3. An article clamp as described in claim 2 wherein said flexible web forms a socket for the rod-like member when the position of the jaws is limited by either the upper or lower of the latch members, the rod being released from the socket when both of the latch members are disengaged from the edges of the latch opening to permit the forward jaw to pivot enough to fully open the socket and release the clamp from the rod.
4. An article clamp as described in claim 3 wherein said latch members are of substantially the same length with the upper one being substantially closer to the socket to permit the greater arc of pivot movement of said jaws before engaging the upper edge of said opening.
5. An article clamp as described in claim 2 wherein said lower edge of said opening is inclined inwardly forming an inclined leg, said leg having an upwardly extending lip on its inner end for engaging the latch finger of the lower one of said latch members.
6. An article clamp as described in claim 5 wherein said jaws have inwardly projecting vertical reinforcement ribs, said ribs on said forward jaw being integral with said lip for reinforcing and stiffening said lip.
7. An article clamp as described in claim 6 wherein the upper edge of said opening has an inwardly extending leg, the inner end of said leg has a downwardly extending lip for engaging the latch finger of the upper one of said latch members.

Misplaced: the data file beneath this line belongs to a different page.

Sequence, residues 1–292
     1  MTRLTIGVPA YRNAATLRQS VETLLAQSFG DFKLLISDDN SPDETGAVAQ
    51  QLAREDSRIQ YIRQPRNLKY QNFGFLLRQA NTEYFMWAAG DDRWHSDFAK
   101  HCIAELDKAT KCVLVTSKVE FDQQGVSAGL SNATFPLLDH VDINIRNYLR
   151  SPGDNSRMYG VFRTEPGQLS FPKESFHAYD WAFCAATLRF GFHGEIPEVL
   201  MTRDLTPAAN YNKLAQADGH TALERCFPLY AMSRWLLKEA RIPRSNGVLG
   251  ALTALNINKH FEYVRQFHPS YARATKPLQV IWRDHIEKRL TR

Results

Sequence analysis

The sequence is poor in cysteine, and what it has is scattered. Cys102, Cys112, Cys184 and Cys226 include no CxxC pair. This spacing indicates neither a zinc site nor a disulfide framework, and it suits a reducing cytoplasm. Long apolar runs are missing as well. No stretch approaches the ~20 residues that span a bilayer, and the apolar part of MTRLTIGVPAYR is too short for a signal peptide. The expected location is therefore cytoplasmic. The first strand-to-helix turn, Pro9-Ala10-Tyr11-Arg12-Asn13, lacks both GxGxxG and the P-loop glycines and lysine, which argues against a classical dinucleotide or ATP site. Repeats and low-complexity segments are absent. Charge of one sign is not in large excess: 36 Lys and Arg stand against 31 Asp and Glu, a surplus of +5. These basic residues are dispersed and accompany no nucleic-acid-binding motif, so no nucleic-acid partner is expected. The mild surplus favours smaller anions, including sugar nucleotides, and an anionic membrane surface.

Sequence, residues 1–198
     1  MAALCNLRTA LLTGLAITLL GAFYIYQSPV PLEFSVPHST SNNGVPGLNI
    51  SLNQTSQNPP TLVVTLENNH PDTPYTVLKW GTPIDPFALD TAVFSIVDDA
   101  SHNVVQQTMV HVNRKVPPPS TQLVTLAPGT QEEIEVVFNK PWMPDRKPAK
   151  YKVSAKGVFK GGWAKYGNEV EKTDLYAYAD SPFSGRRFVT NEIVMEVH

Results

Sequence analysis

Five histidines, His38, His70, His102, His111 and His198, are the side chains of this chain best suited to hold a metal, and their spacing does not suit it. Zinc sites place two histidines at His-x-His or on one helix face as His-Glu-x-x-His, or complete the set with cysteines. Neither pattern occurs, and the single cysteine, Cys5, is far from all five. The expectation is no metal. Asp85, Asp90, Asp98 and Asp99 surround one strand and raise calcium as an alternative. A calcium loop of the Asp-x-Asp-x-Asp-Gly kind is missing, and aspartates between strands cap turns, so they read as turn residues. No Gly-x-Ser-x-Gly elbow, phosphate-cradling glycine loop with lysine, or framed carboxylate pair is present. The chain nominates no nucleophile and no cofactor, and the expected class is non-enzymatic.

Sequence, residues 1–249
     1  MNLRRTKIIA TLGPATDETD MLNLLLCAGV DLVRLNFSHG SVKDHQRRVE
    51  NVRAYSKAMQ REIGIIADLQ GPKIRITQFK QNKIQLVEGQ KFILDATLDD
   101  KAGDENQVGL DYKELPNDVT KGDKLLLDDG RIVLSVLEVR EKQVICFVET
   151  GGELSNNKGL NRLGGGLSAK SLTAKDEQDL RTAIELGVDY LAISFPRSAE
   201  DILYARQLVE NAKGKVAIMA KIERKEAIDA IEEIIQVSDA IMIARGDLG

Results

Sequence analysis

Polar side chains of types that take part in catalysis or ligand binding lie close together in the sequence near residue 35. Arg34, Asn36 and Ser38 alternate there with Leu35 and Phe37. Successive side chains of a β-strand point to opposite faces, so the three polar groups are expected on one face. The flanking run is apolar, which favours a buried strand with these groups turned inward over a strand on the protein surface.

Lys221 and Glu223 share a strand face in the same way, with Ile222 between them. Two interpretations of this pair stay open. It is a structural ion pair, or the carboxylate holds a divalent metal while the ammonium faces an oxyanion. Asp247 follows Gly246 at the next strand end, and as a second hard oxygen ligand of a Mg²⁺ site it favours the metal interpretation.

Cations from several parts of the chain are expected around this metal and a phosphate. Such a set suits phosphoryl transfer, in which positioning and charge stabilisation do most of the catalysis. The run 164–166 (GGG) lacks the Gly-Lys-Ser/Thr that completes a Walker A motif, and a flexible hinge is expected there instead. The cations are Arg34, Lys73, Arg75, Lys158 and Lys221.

This invention relates to article clamps designed to seat over and be supported from a rod or wire.
The use of molded plastic clamps for displaying various types of articles, such as items of clothing, carpet samples and a wide variety of other types of articles, is well-known. Clamps of this type are disclosed in U.S. Pat. No. 3,698,043 entitled MOLDED GARMENT CLAMP, issued Oct. 17, 1972 to J. H. Batts. Clamps designed to be suspended from wires are disclosed in U.S. Pat. No. 3,665,563 entitled CLAMP, issued May 30, 1972 to J. H. Batts.
While both types have proven themselves to be very effective, it would be desirable to overcome some of the shortcomings of these clamps. These prior art clamps either have to be threaded onto the supporting rod from one end or be so made that they can be opened and seated over the rod. To use the first type, the end of the rod must provide unobstructed access, an arrangement which has a number of drawbacks. Use of the second type is undesirable because the clamps, when open, can be dislodged from the rod and become lost or damaged. A compromise in which the second type, once mounted on the rod, is secured by a spring clip or the like is disclosed in U.S. Pat. Nos. 4,638,930 entitled HANGER LEG MOUNTING STRUCTURE FOR A SUPPORT ROD, issued Jan. 27, 1987 to R. O. Blanchard and U.S. Pat. No. 4,660,750 entitled GARMENT HANGER WITH IMPROVED WIRE SUPPORT, issued Apr. 28, 1987 to R. O. Blanchard. While the use of the spring clip eliminates the problem of inadvertent displacement from the rod, many users considered it too difficult to remove to permit mounting or removal of the clamp.